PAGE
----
Yellow or "curly" dock is one of the simpler plants listed here. It has a pronounced dried flower head that resembles coffee grounds. A dock is a large plant when it is mature, so you may not associate it with lawn, but seeds can grow well as small plants in your lawn, and especially along fence lines, if you haven't been carefully trimming.

    This is a different plant with a large taproot. If you can dig it up, you have to be thorough. Follow-up removal by checking for any new growth left by any root fragments. If staying organic is not important to you and you are only dealing with an isolated yellow dock plant here or there, the leaves are large enough that you can glue some roundup (glyphosate) to the foliage to kill the plant.

    Yellow Dock is known for its medicinal qualities. Herbalists have used it to treat anemia as it is high in iron. It can also be used to ease the stinging sensation of the nettle. Do not eat the yellow dock raw as it can cause intestinal discomfort. Careful preparation is required for each use.

  • 07 of 09

    Clover (Trifolium ssp.)

    There are many types of clover that any homeowner would love to get banned from the lawn. This is perhaps a mistake as clover is actually pretty healthy for a lawn. It's fragrant, resists most pests, helps aerate the soil, and best of all, as a member of the pea family, clover actually adds nitrogen to the soil. There is a lot to be said for a lawn that has a healthy amount of clover in its turf-grass mix. In addition to red clover ( Trifolium pratense ) is white clover ( Trifolium repens ) the most common grass clover.

    But if you are determined to get rid of the clover mixed with your lawn grass, there are both chemical and organic means of doing it. For the former, find a broad-leaved herbicide designed for the type of grass you are growing (carefully study the label on the bottle). Along with other broad-leaved weeds, clover is also killed by such herbicides.

    For more environmentally friendly control, you can just pull up the clover. Note, however, that the presence of the clover primarily indicates that your soil is lacking nitrogen. When removing the clover, consider adding nitrogen in the form of compost or granular fertilizer. If entire patches of lawn are bare once the clover has been removed, consider re-laying these areas with lawn grass. To prevent clover reappearance, keep these spots healthy and well-nourished.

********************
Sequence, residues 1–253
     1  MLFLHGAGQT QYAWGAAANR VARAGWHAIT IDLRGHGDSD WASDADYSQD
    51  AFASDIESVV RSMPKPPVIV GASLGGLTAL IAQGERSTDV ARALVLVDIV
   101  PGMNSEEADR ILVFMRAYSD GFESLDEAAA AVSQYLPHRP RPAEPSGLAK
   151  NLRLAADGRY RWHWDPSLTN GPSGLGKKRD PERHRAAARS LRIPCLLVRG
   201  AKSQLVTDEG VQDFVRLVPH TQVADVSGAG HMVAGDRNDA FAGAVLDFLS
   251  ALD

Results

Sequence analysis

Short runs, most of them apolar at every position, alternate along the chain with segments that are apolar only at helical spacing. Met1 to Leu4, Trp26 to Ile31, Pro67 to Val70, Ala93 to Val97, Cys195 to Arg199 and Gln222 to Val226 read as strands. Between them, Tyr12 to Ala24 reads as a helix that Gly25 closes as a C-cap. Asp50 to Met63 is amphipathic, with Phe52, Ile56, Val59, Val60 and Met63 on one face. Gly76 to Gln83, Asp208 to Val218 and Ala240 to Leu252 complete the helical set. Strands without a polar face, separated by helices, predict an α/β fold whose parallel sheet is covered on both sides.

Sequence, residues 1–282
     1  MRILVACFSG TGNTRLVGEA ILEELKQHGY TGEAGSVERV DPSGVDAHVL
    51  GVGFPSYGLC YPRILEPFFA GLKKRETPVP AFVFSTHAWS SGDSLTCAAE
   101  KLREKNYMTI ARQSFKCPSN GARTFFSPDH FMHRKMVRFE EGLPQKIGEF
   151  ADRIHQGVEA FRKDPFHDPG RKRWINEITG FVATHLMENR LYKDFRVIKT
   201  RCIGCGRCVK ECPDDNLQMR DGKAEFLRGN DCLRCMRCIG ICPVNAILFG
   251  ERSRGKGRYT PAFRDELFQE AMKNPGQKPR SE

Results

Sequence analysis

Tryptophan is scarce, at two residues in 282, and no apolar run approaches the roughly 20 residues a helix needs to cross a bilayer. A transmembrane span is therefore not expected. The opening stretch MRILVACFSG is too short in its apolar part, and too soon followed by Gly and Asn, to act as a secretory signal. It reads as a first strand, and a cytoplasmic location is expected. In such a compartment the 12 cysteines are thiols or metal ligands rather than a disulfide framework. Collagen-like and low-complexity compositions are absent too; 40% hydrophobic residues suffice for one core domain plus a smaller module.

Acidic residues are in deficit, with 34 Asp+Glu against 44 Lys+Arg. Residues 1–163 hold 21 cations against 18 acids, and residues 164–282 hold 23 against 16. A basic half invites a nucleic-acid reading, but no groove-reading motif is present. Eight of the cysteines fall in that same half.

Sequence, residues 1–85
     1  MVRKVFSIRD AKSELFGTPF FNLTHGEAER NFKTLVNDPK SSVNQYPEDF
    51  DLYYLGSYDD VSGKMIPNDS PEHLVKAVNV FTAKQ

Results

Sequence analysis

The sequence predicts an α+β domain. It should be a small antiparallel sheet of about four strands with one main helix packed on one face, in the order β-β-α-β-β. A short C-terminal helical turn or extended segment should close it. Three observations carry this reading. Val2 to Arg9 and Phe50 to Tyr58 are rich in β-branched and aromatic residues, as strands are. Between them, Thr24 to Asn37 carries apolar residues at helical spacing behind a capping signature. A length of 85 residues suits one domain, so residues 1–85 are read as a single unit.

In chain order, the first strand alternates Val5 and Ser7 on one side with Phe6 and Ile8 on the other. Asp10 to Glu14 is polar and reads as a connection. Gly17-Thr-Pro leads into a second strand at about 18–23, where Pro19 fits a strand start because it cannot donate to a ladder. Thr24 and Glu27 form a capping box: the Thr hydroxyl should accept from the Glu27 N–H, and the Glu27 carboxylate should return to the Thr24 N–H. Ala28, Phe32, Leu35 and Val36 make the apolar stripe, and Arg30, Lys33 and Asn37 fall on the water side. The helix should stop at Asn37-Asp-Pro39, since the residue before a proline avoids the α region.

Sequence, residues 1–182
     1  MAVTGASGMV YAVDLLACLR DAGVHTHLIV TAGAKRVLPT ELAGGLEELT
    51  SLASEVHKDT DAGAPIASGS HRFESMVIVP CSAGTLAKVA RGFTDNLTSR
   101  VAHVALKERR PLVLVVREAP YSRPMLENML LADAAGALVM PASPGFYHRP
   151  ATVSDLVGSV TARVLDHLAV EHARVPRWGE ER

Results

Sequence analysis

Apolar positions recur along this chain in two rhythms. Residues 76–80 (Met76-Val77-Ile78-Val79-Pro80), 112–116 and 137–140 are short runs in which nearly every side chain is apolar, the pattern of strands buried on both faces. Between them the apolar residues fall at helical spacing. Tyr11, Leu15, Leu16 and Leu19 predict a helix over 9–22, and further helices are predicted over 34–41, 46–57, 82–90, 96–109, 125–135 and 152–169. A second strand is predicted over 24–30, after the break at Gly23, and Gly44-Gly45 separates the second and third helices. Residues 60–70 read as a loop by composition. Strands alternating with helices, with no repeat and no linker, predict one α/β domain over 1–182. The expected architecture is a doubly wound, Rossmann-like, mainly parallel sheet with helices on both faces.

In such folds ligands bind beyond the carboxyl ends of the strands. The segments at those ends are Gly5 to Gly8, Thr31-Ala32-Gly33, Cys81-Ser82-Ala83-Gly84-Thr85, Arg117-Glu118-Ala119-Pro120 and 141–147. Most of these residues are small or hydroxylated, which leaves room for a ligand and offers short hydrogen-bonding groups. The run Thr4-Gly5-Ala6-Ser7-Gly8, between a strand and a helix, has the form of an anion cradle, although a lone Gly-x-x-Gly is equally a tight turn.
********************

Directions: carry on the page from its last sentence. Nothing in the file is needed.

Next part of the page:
An ordinary lawn that resembles a type of clover, but is not one, is Oxalis stricta , better known as Sourgrass or yellow sorrel.

  • 08 of 09

    Wild violet (Viola spp)

    Wild violets are probably the best of the group in terms of appearance among the common lawn weeds presented here. In fact, some homeowners find the flowers sufficiently pretty that they decide to leave the plants alone. Indeed, this relative of the Johnny jump-up isn't far inferior to Johnny in the looks department - and you don't have to buy it. Violets can actually work very well when you want a naturalistic feel on your lawn.

    However, if you prefer a lawn of even turf grass, violets can be grown provided you pull out the entire root system. Chemical controls include spot treatment with glyphosate (round-up) or the use of a broad-leaf herbicide such as Weed-B-Gone. Fall is the best time to treat violets.

  • 09 of 09

    Crabgrass (Digitaria)

    Many weeds have a "silver lining" for being attractive flowers, pleasant fragrances, or edible. You can't find such a benefit with crabgrass.

    These annual grasses can produce up to 150,000 seeds per plant and are very difficult to control. This is not a grass that can be easily grown, and as a grass, it is not susceptible to broad-leaved herbicides. Most of the chemicals that kill crab grass kill all other turf grasses too.

    The best solution to herb grass control is to use pre-emergent herbicides that are specifically designed for herb grass. Crabgrass thrives in bare, poor soil. Hence, one of the best precautionary measures is to keep your lawn healthy and thick.